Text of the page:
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Teaching others how to think critically is a difficult task. Some teaching techniques work; others do not—but why is this the case? Hear from Dr. John Nychka, University of Alberta, on different teaching methods and their effectiveness in supporting students as they learn how to think reflectively, and in a critically reflective manner.
Who should attend?
Anyone teaching materials or related courses in engineering, science or design.
What you will learn:
- Hear why certain techniques may or may not work in our current educational climate of information overload.
- Explore promising techniques that have the power to shape the future of materials education.
- Learn about the development of a new senior undergraduate materials course that exclusively uses class discussions and the unfolding case method to cultivate learners’ reflective thinking and critical reflective thinking abilities — Performance of Materials.
Dr John Nychka
Dr. Nychka is a Professor in the Department of Chemical and Materials Engineering in the Faculty of Engineering at the University of Alberta. He was previously Associate Chair (Undergraduate Programs) in that department and most recently served as Associate Dean (Teaching and Learning) in the Faculty of Graduate Studies and Research.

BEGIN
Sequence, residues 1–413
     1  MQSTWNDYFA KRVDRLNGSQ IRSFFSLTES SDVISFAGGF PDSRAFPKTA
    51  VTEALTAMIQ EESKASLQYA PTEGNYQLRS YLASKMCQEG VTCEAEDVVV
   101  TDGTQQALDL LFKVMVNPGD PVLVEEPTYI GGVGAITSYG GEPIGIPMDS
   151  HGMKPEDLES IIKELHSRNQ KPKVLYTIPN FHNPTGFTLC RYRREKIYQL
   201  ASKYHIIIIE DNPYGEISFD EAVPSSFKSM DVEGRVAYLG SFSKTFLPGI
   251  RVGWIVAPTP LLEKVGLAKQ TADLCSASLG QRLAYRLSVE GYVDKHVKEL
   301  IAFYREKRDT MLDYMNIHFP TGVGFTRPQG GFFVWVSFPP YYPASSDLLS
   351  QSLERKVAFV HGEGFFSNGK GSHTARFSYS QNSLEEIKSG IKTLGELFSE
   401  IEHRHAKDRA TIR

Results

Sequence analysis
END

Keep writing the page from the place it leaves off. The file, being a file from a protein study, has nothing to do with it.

In his role as Vice-Provost (Learning Initiatives), Dr. Nychka is leading the advancement of many of the University’s initiatives related to the learning environment, in areas that include experiential learning, awards for faculty excellence, blended and digital learning, and the assessment and evaluation of teaching.
His main teaching interest is the design of authentic learning opportunities for students as they transition to becoming context-dependent knowledge creators and practitioners. He favours the use of messy and open-ended problems to promote synthesis of existing knowledge and the development of judgement and metacognition in his learners at the undergraduate and graduate levels.
Dr. Nychka received his formal training in metallurgical engineering (B.Sc. 1997, University of Alberta, Co-op with Distinction), materials science & engineering (M.Eng. 1999, McMaster University), and materials (Ph.D. 2004, University of California Santa Barbara). His research interests are in the failure of materials, creating bioactive glass scaffolds for bone tissue repair, and interdisciplinary research involving the application of materials science and engineering concepts in a variety of fields ranging from cryobiology to wildlife ecology to textiles. He is a recipient of the Mike Ashby Outstanding Materials Educator Award.